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Samuel Hahnemann

The homeopathy [ ˌhomøopatiː ] (from ancient Greek ὁμοῖος homoios , German , equal to ' , similarly' similar ', and πάθος páthos , German , sorry' , Pain, Affekt, feeling ', so literally "similar suffering “) Is an alternative medical treatment method based on the ideas of the German doctor Samuel Hahnemann published from 1796 onwards .

Its eponymous and most important basic assumption is the similarity principle formulated by Hahnemann: "Similar things may be cured by similar" (Latin similia similibus curentur ). Then a should homeopathic medicine (as opposed to allopathy are selected) so that the ingredients of the basic substance in healthy like symptoms ( symptoms ) could cause like the one in which the patient suffers. The patient's “cozy and spiritual character” should also be taken into account. For this purpose, Hahnemann and his successors created extensive tables ( repertories ) with the help of which the homeopath should assign the patient and his symptoms to a remedy picture .

For the production of homeopathic medicines, the basic substances are subjected to a so-called potentiation (dilution). That is, they are repeated (usually 1:10 or 1: 100) with water or ethanol succussed or milk sugar rubbed. The dilution was initially carried out because of the toxicity of many of the substances used. Hahnemann only prescribed "high potencies" in a later phase. Hahnemann assumed that through the special process of potentiation or "dynamization" a "spirit-like power hidden in the inner being of the medicines" would become effective. To justify the high potencies, he assumed that "the matter [...] of raw medicinal substances [...] ultimately dissolves completely into its individual spiritual being".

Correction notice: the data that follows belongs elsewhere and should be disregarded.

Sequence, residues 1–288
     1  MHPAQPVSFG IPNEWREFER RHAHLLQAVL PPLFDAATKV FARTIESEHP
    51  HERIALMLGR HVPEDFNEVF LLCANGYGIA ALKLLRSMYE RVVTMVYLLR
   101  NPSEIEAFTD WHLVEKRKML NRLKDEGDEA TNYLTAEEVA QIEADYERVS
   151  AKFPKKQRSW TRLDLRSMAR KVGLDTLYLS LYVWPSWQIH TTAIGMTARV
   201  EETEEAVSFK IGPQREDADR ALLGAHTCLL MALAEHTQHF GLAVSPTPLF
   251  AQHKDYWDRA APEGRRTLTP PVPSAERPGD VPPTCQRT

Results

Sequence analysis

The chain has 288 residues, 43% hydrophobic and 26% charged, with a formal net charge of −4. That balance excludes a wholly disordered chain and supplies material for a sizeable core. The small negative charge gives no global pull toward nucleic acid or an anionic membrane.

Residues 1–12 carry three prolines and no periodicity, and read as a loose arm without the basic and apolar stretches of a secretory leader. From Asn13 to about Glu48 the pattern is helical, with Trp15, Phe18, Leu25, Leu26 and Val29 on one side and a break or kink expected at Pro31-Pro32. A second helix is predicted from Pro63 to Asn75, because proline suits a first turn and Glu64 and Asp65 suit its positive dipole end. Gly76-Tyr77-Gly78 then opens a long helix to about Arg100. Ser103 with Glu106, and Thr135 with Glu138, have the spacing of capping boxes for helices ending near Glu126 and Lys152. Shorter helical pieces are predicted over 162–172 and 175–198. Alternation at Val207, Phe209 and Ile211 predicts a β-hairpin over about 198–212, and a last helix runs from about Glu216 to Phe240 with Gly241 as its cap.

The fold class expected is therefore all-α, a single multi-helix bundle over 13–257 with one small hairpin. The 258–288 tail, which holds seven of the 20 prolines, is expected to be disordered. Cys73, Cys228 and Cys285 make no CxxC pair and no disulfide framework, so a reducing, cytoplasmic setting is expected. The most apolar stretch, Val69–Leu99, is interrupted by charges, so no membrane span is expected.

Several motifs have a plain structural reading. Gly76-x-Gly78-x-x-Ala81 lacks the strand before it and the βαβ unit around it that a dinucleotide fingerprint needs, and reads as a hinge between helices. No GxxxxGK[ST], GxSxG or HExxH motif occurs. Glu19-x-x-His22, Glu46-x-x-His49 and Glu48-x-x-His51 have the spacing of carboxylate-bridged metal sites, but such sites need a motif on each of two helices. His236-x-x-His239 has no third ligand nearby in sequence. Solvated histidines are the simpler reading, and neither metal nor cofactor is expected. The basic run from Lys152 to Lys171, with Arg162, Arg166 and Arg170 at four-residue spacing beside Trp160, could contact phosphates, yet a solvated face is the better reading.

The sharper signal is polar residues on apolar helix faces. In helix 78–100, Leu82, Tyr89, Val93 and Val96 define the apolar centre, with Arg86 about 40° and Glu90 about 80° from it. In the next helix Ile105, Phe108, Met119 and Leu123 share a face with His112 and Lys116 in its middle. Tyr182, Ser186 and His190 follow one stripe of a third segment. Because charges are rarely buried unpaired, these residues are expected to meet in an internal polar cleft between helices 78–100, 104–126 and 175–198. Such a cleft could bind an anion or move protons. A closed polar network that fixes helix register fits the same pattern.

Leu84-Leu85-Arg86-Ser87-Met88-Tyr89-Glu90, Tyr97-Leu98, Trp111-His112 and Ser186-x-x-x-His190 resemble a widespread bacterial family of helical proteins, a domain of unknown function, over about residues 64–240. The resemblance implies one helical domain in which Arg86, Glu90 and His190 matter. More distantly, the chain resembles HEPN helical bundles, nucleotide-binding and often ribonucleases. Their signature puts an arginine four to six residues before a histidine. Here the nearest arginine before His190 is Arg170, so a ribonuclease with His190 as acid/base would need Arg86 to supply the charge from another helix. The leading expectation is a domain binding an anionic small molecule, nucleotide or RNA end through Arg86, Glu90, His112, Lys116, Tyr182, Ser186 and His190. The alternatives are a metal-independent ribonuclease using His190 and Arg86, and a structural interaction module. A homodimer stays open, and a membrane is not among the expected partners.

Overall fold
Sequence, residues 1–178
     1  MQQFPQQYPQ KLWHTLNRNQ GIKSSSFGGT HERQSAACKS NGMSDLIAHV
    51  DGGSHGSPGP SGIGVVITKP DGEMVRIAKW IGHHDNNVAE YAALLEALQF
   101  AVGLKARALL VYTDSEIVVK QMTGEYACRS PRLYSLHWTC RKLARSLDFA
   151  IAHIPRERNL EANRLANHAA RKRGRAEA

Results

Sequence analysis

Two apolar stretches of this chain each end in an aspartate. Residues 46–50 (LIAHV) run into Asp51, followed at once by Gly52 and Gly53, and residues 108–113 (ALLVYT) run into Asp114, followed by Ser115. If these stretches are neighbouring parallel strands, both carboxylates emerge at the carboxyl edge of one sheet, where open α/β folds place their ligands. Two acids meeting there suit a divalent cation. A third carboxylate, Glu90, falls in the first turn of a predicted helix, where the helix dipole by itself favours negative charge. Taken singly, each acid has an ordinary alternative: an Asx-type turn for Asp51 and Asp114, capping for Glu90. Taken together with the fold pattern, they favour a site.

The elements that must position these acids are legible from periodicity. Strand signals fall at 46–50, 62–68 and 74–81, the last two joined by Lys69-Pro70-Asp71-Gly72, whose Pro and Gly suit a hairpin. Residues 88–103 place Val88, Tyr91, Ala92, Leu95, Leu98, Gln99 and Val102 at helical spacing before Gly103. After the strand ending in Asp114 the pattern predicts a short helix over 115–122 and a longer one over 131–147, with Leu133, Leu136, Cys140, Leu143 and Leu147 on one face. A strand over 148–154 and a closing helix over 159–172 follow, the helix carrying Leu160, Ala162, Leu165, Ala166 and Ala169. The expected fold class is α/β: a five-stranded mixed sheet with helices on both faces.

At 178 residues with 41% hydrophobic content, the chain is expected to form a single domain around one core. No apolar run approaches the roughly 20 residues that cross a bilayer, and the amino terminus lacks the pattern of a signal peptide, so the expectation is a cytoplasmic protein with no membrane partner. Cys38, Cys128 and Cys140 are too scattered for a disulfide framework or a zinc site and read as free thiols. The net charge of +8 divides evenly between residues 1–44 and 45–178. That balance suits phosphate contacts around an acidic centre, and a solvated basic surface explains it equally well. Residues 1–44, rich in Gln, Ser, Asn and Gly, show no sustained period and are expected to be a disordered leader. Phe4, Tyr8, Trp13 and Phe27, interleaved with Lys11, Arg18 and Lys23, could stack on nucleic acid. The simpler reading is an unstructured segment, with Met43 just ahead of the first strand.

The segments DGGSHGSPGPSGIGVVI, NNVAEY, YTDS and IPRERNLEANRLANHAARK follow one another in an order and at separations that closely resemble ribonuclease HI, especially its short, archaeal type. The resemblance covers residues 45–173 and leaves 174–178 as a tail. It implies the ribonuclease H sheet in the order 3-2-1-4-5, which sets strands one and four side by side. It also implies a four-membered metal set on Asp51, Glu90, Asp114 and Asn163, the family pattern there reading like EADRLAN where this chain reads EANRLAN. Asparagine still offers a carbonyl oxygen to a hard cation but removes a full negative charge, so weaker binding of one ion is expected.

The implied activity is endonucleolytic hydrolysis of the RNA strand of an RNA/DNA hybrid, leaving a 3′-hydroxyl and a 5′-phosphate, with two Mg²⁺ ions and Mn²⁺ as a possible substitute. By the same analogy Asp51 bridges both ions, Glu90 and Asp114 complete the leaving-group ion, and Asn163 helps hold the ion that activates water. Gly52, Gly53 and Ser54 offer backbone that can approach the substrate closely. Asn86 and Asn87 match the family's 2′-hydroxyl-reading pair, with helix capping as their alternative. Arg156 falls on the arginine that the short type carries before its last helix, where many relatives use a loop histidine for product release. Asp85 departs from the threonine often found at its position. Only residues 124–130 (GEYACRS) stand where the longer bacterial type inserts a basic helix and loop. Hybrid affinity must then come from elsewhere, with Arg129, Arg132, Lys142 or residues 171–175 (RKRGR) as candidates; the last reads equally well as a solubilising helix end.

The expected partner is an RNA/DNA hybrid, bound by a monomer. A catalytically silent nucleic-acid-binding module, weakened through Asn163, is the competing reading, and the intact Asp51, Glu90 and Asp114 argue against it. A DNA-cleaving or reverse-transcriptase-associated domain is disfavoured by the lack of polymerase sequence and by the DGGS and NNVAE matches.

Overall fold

The alleged selective increase in desired effects through the procedures of the dilution process contradicts scientific knowledge. The doctrine of homeopathy is counted among the pseudosciences . The Hahnemannian principle of similarity is not scientifically tenable either. Clinical studies according to scientific standards have not been able to demonstrate any efficacy of homeopathic medicines in the treatment of diseases beyond the placebo effect. Successes after treatment are attributed to the treatment setting, not the remedy itself, e.g. the patient's belief in the effectiveness of the treatment ( autosuggestion ) or the quality of the relationship between therapist and patient. The Department of Human Medicine at the Philipps University of Marburg rejected homeopathy in 1992 as part of the “ Marburg Declaration on Homeopathy ” as “heresy”.

In a survey carried out in Germany by the Allensbach Institute in 2009 , 17% of those questioned associated homeopathic medicinal products with the principle of dilution or similarity. In 2015, homeopathic products were sold for 595 million euros in Germany, a growth of 12.8 percent compared to the previous year. In 2016, sales rose by 4.5 percent, while the number of packs dispensed rose by just 0.3 percent. In the first half of 2017, sales were lower than in the first half of 2016. In the first half of 2018, sales were 5% higher than in the first half of 2017.


Homeopathy is a widely ramified practice with many variants. All homeopathic teachings refer to Hahnemann and the principle of similarity, but sometimes differ considerably from one another in other points. Most homeopaths see the principle of similarity, the "remedy testing on healthy people", the elicitation of the individual clinical picture through a detailed anamnesis and the "potentiation" in the production of homeopathic medicines as principles of homeopathy.

Similarity principle (simile principle)